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Micrometer-sized iron oxide particles (MPIOs) attract increasing interest as contrast agents for cellular tracking by clinical Magnetic Resonance Imaging (MRI). Despite the great potential of MPIOs for in vivo imaging of labeled cells, little is known on the intracellular localization of these particles following uptake due to the lack of techniques with the ability to monitor the particle uptake in vivo at single-cell level. Here, we show that coherent anti-Stokes Raman scattering (CARS) microscopy enables non-invasive, label-free imaging of MPIOs in living cells with sub-micron resolution in three dimensions. CARS allows simultaneous visualization of the cell framework and the MPIOs, where the particles can be readily distinguished from other cellular components of comparable dimensions, and localized inside the cell.
The fruitful cooperation with the FOM Institute AMOLF in Masterdam resulted in the paper "CARS microscopy for the visualization of micrometer-sized iron oxide MRI contrast agents in living cells" (Rago G, Langer CM, Brackman C, Day JP, Domke KF, Raschzok N, Schmidt C, Sauer IM, Enejder A, Mogl MT, Bonn M.) published in Biomed Opt Express. 2011 Sep 1;2(9):2470-83.

Improved cold storage of human hepatocytes

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As a first result of our latest projects concerning the role of miRNA in liver regeneration the American Journal of Physiology - Regulatory, Integrative and Comparative Physiology has accepted our paper "Temporal expression profiles indicate a primary function for microRNA during the peak of DNA replication after rat partial hepatectomy": The liver has the unique capacity to regenerate after surgical resection. However, the regulation of liver regeneration is not completely understood. Recent reports indicate an essential role for small non-coding microRNAs (miRNAs) in the regulation of hepatic development, carcinogenesis, and early regeneration. We hypothesized that miRNAs are critically involved in all phases of liver regeneration after partial hepatectomy. We performed miRNA microarray analyses after 70% partial hepatectomy in rats under isoflurane anesthesia at different time points (0 hours - 5 days) and after sham laparotomy. Putative targets of differentially expressed miRNAs were determined using a bioinformatic approach. 2D-PAGE proteomic analyses and protein identification were performed on specimens at 0 and 24 hours after resection. The temporal dynamics of liver regeneration were characterized by BrdU, PCNA, IL-6, and HGF. We demonstrate that miRNA expression patterns changed during liver regeneration and that these changes were most evident during the peak of DNA replication at 24 hours after resection. Expression of thirteen miRNAs was significantly reduced 12-48 hours after resection (> 25% change), ouf of which downreguation was confirmed in isolated hepatocytes for 6 miRNAs at 24 hours, whereas three miRNAs were significantly upregulated. Proteomic analysis revealed 65 upregulated proteins; among them 23 represent putative targets of the differentially expressed miRNAs. We provide a temporal miRNA expression and proteomic dataset of the regenerating rat liver, which indicates a primary function for miRNA during the peak of DNA replication. These data will assist further functional studies on the role of miRNAs during liver regeneration. Authors are N. Raschzok, W. Werner, H. Sallmon, N. Billecke, C. Dame, P. Neuhaus and I.M. Sauer.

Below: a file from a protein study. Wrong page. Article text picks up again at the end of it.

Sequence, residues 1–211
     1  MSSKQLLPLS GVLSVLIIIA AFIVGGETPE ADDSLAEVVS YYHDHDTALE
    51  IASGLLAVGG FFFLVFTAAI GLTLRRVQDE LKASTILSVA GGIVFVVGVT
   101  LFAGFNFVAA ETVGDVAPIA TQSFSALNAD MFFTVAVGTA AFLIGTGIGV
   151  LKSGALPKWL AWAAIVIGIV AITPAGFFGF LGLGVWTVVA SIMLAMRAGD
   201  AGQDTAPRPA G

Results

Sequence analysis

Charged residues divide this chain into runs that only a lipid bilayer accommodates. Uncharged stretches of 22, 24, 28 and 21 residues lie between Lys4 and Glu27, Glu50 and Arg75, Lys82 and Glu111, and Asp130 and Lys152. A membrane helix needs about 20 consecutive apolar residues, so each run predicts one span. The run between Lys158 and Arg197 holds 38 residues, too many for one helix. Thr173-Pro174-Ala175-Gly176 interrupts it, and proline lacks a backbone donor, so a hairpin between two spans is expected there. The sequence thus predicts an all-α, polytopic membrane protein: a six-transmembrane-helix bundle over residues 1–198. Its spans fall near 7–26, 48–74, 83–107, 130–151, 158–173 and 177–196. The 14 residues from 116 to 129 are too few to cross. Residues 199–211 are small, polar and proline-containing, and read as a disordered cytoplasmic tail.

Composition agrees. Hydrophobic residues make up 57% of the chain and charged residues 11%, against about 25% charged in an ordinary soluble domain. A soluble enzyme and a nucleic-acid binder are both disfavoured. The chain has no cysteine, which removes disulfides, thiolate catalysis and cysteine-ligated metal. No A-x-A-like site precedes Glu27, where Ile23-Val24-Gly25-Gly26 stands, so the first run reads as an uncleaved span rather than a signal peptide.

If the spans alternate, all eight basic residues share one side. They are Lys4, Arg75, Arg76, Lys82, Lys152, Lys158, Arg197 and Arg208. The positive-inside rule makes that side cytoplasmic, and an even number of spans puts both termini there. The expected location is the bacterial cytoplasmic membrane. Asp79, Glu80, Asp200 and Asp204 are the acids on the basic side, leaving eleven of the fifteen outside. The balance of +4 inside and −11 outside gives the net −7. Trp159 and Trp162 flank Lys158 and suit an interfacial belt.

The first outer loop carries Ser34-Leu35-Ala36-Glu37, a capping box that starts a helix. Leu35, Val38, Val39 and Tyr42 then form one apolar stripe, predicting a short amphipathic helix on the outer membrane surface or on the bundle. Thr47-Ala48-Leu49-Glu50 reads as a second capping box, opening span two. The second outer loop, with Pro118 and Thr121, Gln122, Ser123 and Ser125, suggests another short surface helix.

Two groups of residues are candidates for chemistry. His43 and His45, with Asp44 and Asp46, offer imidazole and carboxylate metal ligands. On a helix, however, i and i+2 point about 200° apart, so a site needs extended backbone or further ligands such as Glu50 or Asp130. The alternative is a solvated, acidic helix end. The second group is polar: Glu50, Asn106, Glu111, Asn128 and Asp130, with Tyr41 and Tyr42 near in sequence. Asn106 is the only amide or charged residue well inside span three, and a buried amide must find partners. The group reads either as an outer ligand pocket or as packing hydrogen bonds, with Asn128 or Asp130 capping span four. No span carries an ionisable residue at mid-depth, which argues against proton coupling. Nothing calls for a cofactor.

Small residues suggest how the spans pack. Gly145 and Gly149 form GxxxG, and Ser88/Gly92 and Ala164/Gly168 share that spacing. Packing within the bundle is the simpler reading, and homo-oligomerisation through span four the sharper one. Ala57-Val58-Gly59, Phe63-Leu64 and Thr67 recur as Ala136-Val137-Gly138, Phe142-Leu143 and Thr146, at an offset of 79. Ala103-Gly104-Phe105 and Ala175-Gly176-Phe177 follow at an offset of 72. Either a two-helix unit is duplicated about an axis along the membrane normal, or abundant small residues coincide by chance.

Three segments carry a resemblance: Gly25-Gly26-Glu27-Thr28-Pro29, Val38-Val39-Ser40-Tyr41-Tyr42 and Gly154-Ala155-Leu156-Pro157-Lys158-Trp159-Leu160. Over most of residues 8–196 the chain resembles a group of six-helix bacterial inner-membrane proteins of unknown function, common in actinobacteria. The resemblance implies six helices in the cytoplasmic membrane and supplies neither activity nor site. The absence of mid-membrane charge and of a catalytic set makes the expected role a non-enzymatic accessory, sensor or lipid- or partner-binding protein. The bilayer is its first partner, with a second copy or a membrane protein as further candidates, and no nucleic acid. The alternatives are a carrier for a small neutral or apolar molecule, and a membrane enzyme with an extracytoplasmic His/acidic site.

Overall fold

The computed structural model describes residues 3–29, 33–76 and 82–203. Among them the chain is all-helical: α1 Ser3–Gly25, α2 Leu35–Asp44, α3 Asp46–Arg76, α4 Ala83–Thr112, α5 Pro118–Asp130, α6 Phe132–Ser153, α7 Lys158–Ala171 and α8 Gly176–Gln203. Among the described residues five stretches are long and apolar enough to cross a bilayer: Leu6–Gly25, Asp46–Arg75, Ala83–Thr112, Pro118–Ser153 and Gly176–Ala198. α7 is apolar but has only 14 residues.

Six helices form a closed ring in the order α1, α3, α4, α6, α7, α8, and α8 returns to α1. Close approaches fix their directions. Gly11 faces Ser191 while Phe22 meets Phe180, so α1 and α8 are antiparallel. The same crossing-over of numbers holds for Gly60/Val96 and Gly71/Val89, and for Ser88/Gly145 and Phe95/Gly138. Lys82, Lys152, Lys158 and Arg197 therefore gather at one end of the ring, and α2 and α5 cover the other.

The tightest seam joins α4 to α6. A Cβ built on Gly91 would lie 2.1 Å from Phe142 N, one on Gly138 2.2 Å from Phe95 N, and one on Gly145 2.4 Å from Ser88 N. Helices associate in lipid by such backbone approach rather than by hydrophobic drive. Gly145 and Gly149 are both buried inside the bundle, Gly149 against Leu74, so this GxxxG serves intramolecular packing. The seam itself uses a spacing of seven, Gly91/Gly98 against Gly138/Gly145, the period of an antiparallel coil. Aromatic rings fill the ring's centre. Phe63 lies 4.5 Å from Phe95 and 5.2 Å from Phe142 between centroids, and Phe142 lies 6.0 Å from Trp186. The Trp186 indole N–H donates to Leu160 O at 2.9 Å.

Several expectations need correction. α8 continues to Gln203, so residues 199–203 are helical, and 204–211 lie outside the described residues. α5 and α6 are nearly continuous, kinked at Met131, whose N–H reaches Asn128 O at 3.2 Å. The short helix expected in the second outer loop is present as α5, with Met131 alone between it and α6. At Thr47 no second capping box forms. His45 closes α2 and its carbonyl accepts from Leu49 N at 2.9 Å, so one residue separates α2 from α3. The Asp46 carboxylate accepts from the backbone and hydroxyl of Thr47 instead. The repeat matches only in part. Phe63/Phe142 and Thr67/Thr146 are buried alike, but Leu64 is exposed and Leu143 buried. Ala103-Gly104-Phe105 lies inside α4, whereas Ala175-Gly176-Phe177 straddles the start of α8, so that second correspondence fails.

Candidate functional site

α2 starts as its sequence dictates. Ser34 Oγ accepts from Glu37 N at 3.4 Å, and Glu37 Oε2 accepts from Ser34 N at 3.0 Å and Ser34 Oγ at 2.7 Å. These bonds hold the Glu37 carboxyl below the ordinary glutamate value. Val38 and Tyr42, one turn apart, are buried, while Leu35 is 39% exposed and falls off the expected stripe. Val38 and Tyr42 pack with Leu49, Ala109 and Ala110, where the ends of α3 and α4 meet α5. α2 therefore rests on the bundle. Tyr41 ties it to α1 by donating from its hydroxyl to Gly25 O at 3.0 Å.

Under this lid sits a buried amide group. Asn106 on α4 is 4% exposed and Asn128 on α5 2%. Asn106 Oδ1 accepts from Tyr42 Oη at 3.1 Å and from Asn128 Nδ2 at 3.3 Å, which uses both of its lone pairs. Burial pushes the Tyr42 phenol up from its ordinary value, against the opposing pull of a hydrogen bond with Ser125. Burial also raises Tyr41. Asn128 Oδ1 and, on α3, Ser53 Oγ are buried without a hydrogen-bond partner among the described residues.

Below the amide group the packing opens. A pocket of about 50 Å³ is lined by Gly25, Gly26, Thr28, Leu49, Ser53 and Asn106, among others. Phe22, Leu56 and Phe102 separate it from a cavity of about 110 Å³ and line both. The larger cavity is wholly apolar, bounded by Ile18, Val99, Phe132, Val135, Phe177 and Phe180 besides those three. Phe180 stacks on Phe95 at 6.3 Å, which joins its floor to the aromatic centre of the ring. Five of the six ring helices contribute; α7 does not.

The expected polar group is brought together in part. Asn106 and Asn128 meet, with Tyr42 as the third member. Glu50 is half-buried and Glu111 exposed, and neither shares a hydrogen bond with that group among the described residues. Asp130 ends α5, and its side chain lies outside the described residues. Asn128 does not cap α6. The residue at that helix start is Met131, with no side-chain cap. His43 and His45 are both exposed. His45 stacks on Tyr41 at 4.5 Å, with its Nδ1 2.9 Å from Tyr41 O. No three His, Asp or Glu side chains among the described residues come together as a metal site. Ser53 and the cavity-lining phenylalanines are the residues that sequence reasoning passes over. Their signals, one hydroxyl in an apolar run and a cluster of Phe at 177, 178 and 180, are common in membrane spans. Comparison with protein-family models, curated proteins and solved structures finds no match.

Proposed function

Profiles of microRNA after rat partial hepatectomy

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The website of the  24th International Congress of The Transplantation Society is online! Please go to www.transplantation2012.org for more information.
Following the exceptionally successful meetings in Boston, Sydney and Vancouver, we would like to welcome you to a city which twenty years after reunification has evolved into one of the most important capitals of Europe. Once the capital of Prussia and leading cultural centre of the 1920s, today the new capital of Germany is characterized by its dazzling modernity and breathtaking architecture. Berlin is young, dynamic and bursting with joie de vivre. Few cities has been shaped to such an extent by history and undergone as much major transformation as Berlin. “Berlin is always in the process of becoming”, remarked historian Karl Scheffler. Even in the 21st century transplantation still is in a process  of becoming, too.  Therefore, the 24th International Congress of The Transplantation Society will promote the dialogue of experts from around the world. An attractive scientific program will be developed together with the Deutsche Transplantationsgesellschaft (DTG).
The 24th Congress is designed for physicians, surgeons, scientists and organ procurement personnel, who are interested in clinical and research aspects of solid organ, cell and tissue transplantation. The program is developed to encourage the exchange of new scientific and clinical information, and and support an interchange of opinions regarding care and management issues, as well as socioeconomic, ethical and regulatory issues relevant to transplantation.